Fashion + Design > Fashion

August 10, 2022

“Start with small steps” – Sustainable Fashion Educator Daria Andronescu

Susanne Barta

Erinnert ihr euch? Fast drei Jahre ist es nun her, dass ich mit Daria Andronescu ein Gespräch für diesen Blog über ihr Projekt Wonder Wardrobe geführt habe. Einige Monate später trafen wir uns in Berlin auf der Neonyt und wieder einige Monate später in Düsseldorf, wo sie damals lebte. Vor einem Jahr ist Daria mit ihrem Mann Mircea nach Lissabon übersiedelt. Von dort aus betreut sie nun ihre weltweite Community. Ich war familien- und urlaubsbedingt diesen Sommer in Portugal und neugierig darauf, wie sich Wonder Wardrobe weiterentwickelt hat und was Daria gerade vorhat. Wir trafen uns in einem Café im Stadtteil Estrela und plauderten drauf los.daria andronescu 2_susanne bartaZuvor aber noch einige Worte zu Darias Arbeit als Sustainable Fashion Educator: in ihren Videos, Online-Kursen, Newslettern und persönlichen Beratungen unterstützt Daria ihre Student*innen und Kund*innen dabei, einen persönlichen und nachhaltigen Zugang zu ihrem Kleiderschrank, zu ihrer Garderobe zu entwickeln. Ja, man kann das wirklich lernen. Schritt für Schritt Kleidungsstücke zu wählen und zu kombinieren, die wirklich zu einem passen, vor allem zu dem Leben, das man führt. Die aus gutem Material, langlebig und „interchangeable“ sind. Schluss also mit Fehlkäufen und verzweifeltem Starren in einen vollen Kleiderschrank. Das schont Ressourcen, reduziert Textilabfall und wer weiß, was zu einem passt, ist auch nicht so leicht Opfer schnelllebiger Trends. Daria hat eine, erfolgreich getestete, Methode dazu entwickelt, die Wonder Wardrobe Methode. Das Ergebnis? Ein persönlicher, multifunktionaler, gut organisierter Kleiderschrank mit einer idealen Anzahl an schönen Stücken, die untereinander optimal kombinierbar sind.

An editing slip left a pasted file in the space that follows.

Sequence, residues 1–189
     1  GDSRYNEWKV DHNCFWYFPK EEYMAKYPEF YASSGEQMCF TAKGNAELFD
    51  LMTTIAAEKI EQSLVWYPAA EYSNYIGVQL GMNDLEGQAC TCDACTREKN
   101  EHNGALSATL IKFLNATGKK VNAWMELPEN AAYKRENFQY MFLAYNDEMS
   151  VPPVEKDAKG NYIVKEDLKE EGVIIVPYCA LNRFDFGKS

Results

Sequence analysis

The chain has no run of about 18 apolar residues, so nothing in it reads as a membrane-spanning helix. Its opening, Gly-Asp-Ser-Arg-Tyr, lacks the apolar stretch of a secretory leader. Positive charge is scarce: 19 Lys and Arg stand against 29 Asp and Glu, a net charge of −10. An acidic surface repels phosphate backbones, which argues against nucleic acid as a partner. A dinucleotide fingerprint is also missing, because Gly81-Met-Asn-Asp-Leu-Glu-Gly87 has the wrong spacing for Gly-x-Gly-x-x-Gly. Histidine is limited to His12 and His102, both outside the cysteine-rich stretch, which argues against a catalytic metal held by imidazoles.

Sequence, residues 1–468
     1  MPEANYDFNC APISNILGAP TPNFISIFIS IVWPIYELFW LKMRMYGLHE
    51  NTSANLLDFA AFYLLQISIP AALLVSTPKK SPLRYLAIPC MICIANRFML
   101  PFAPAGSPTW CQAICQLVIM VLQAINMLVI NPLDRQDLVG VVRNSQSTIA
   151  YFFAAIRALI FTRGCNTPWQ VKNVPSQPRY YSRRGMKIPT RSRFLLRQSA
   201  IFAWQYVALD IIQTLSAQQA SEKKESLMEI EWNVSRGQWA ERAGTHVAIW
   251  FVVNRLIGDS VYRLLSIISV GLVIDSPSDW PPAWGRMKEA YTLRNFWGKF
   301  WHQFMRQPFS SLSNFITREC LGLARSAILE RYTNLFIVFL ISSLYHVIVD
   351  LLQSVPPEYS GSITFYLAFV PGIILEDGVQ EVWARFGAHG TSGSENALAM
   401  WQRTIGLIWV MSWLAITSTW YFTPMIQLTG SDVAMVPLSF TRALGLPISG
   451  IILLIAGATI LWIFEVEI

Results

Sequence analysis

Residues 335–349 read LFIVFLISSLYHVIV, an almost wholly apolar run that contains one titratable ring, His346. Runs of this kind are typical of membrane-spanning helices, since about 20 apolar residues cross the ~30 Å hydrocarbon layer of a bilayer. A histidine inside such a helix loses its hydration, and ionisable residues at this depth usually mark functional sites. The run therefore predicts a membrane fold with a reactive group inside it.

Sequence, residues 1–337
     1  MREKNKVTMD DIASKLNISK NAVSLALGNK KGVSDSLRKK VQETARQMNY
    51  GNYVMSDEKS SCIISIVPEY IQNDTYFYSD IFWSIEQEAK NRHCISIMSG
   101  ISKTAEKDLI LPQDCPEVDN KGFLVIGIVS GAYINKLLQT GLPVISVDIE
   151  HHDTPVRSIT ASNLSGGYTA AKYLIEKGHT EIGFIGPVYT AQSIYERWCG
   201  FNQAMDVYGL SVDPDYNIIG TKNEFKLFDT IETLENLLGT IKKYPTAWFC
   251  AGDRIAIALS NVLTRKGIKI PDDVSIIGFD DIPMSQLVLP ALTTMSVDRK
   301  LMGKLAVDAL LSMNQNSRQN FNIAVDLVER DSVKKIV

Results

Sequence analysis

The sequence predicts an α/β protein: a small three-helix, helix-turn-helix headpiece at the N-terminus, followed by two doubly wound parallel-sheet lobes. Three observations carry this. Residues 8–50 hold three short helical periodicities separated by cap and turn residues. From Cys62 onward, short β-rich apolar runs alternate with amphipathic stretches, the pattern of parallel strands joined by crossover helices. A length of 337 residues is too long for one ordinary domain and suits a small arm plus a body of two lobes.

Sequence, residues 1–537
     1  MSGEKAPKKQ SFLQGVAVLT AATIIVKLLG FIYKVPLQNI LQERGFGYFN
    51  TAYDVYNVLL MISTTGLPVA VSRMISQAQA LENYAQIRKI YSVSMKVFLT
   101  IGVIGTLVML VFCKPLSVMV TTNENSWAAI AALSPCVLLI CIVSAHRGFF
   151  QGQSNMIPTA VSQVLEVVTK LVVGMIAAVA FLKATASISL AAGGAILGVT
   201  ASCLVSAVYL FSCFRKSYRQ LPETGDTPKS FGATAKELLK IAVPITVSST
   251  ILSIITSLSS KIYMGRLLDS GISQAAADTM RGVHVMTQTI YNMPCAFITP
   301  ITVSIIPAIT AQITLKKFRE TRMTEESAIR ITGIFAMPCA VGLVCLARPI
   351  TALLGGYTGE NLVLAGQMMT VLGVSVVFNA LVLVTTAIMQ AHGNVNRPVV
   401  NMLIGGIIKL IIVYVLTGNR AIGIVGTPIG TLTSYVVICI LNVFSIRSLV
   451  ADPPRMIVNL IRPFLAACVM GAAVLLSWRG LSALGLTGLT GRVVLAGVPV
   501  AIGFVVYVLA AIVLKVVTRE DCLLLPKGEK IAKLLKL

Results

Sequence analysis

Daria, where do you stand right now with your ambitious project?

I can proudly say that Wonder Wardrobe is growing, we got a lot of new students over these years. In this sense the pandemic was good for us, most of us had more time and were open for rethinking their wardrobes. The Wonder Wardrobe course teaches them that they should wear clothes for themselves, for their own joy and not to please others. Now we have around 12.000 students around the world. We changed some things how we approach people and also work on new tools. During the pandemic people were sadder and lonelier, so we changed the way to present our content, being more personal. I did many live sessions for example. That helped a lot. Now we continue growing, also our team grew to four people. More people more passion.daria andronescu 3_Fashion Online Course(c) daria andronescuYour main goal you told me is to reduce fashion waste…